A father sacrifices his daughter to win a war.
His wife kills him to avenge her daughter.
Her son kills her to avenge the death of his father,
and three terrible Furies torment him for his deed.

James M. Galvic's The Three Furies tells this over
two-thousand-year-old tale with a musical palette of
traditional and unorthodox percussion instruments.

Musical excerpts

Dance of the First Fury: menacingly cacaphonous, with players
trading a terrifying "wood-splitting" motif between themselves
above a driving rhythm.

Dance of the Third Fury: Metal sounds (including car brake drums)
along with the shrieking of metal bowls scraped by brass rods
illustrate Orestes' dreadful confrontation with this Fury.

Orestes Pursued by the Furies, Adolphe-William Bouguereau, Chrysler Museum of Art
Mask of Agamemnon, National Archaeological Museum, Athens
Additional notes on The Three Furies

The story is heady stuff, before and after Aeschylus penned the tale in his classic Oresteia over two thousand years ago. The music begins after Orestes' father Agamemnon has been slain, in the court now overseen by his widow Clytemnestra and her new lover.

The first movement (Curse of the House of Atreus) begins almost inaudibly soft, as the lights slowly come up to reveal the body of the former king. In this movement, court dancers with rhythm sticks swirl onstage, amidst the sound of such percussion "instruments" as terracotta flower pots, copper pots, wind gongs and trash can lids, that lend an exoticism - and decadence - to the proceedings. Orestes discovers the truth about his father, and vows to kill his mother.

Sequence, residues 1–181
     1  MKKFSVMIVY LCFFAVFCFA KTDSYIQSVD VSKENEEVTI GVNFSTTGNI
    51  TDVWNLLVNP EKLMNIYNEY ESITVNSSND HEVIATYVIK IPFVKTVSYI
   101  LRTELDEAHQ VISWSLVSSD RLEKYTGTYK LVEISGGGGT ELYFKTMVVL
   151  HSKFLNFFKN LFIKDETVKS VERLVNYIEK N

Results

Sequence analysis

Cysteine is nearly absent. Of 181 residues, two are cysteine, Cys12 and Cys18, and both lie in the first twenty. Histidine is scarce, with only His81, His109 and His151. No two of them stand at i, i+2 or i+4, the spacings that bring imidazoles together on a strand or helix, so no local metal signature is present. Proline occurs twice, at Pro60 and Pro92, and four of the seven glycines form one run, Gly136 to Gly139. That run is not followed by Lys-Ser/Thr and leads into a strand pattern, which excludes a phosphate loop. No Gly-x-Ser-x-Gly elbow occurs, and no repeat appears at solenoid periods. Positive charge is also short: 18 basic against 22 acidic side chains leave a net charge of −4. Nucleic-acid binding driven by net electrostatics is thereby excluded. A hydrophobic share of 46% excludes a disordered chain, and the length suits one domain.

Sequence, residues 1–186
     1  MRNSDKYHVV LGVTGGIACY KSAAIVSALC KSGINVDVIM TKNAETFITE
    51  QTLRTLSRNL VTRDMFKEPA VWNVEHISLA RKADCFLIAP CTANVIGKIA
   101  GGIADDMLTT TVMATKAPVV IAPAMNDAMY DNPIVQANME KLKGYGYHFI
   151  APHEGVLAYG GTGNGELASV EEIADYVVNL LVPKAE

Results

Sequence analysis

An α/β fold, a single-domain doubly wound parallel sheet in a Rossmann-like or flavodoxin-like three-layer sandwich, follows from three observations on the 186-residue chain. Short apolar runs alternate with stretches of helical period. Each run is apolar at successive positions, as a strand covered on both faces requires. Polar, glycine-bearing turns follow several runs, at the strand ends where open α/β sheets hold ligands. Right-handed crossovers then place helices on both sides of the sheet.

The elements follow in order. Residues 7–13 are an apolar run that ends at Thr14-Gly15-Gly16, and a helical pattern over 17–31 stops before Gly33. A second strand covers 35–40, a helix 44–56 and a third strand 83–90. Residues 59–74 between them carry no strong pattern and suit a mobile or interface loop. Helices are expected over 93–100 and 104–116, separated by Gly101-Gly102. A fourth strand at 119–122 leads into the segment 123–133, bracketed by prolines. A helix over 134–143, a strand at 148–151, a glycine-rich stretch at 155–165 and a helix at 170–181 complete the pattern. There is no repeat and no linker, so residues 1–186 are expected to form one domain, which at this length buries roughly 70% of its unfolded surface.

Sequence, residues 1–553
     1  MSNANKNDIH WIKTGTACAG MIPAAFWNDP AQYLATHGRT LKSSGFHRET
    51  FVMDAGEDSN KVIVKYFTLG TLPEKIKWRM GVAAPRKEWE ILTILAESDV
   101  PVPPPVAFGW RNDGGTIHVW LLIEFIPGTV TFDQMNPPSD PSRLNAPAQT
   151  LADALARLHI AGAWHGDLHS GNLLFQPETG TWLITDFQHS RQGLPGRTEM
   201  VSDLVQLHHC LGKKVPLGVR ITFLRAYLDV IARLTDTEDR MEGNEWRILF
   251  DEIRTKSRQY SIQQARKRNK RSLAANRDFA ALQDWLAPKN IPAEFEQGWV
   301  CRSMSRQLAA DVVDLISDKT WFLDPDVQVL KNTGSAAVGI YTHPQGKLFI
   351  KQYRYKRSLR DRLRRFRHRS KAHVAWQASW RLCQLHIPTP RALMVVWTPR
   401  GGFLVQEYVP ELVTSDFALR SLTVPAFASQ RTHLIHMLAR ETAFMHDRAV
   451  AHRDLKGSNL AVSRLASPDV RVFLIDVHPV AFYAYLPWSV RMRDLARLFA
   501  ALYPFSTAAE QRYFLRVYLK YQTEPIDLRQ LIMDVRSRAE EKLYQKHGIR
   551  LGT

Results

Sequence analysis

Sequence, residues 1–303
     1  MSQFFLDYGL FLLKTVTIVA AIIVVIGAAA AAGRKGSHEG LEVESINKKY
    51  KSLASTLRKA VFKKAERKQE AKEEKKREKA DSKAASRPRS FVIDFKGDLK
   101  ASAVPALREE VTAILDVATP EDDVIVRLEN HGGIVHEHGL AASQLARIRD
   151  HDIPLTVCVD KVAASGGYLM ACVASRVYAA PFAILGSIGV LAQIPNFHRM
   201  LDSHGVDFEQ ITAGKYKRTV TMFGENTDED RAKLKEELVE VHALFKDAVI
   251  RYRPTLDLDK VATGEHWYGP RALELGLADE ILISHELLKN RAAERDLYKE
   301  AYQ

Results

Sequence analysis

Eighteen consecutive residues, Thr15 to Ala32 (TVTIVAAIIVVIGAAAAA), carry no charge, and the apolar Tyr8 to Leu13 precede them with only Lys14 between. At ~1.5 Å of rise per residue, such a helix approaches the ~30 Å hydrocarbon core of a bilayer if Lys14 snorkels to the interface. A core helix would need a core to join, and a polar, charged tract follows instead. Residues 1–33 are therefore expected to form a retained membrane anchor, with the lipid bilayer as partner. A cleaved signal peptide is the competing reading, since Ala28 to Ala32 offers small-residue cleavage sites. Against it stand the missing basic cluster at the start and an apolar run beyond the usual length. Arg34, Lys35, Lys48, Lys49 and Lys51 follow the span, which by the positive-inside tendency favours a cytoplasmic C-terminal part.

The second movement (Dance of Death) is a stately yet ominous pas de deux between Orestes and his mother, which culminates in his stabbing her. The music climaxes at this point and then dies down gradually, as an emotionally spent Orestes sags onstage, stricken by the enormity of his deed. It is here where he becomes aware that something truly terrible is about to happen to him (Entrance of the Furies).

Dance of the Second Fury begins with a thunderous roar of kettledrums, before continuing with an ominously-tinged seductiveness, very different from the assertiveness of the other Furies.

The ballet ends with a Judgement scene leading to the final movement, where the Furies are transformed into the Three Benevolent Spirits (The Eumenides) through Orestes' taking personal responsibility for his act. It's a powerful story with many psychological - and philosophical - overtones, and one that can be portrayed with even more power, in my opinion, through the medium of Dance. - James M. Galvic

"The following list of percussion ensembles is an overview of significant contributions to the percussion ensemble literature from its inception until the early twenty-first century.
  • 1924-1925 George Antheil Ballet Mecanique
  • 1931 Edgard Varese Ionisation
  • 1939 John Cage Imaginary Landscape
  • 1941 Lou Harrison The Song of Quetzalcoatl
  • 1963 George Crumb Night Music
  • 1965 Darius Milhaud Elegy for Pierre
  • 1990 James M. Galvic The Three Furies"
-Encyclopedia of Percussion, 2nd Ed.(2007) by John Beck, Routledge Publishing
The Three Furies - Complete Recording